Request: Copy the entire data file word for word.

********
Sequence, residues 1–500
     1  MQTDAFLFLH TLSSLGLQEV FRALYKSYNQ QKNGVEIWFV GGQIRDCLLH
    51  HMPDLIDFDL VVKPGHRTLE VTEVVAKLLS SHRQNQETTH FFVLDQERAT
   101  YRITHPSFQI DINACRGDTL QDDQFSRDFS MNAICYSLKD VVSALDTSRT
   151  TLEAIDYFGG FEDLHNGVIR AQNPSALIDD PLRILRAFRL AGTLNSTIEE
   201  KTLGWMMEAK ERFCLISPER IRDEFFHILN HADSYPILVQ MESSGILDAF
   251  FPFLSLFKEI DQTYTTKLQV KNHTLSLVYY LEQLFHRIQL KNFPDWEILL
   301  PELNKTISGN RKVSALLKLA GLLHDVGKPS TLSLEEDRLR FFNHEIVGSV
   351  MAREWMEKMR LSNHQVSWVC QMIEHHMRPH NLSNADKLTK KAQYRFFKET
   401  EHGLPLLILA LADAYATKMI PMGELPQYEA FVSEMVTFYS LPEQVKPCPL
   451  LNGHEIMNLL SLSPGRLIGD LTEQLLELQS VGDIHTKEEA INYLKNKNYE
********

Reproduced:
Sequence, residues 1–500
     1  MQTDAFLFLH TLSSLGLQEV FRALYKSYNQ QKNGVEIWFV GGQIRDCLLH
    51  HMPDLIDFDL VVKPGHRTLE VTEVVAKLLS SHRQNQETTH FFVLDQERAT
   101  YRITHPSFQI DINACRGDTL QDDQFSRDFS MNAICYSLKD VVSALDTSRT
   151  TLEAIDYFGG FEDLHNGVIR AQNPSALIDD PLRILRAFRL AGTLNSTIEE
   201  KTLGWMMEAK ERFCLISPER IRDEFFHILN HADSYPILVQ MESSGILDAF
   251  FPFLSLFKEI DQTYTTKLQV KNHTLSLVYY LEQLFHRIQL KNFPDWEILL
   301  PELNKTISGN RKVSALLKLA GLLHDVGKPS TLSLEEDRLR FFNHEIVGSV
   351  MAREWMEKMR LSNHQVSWVC QMIEHHMRPH NLSNADKLTK KAQYRFFKET
   401  EHGLPLLILA LADAYATKMI PMGELPQYEA FVSEMVTFYS LPEQVKPCPL
   451  LNGHEIMNLL SLSPGRLIGD LTEQLLELQS VGDIHTKEEA INYLKNKNYE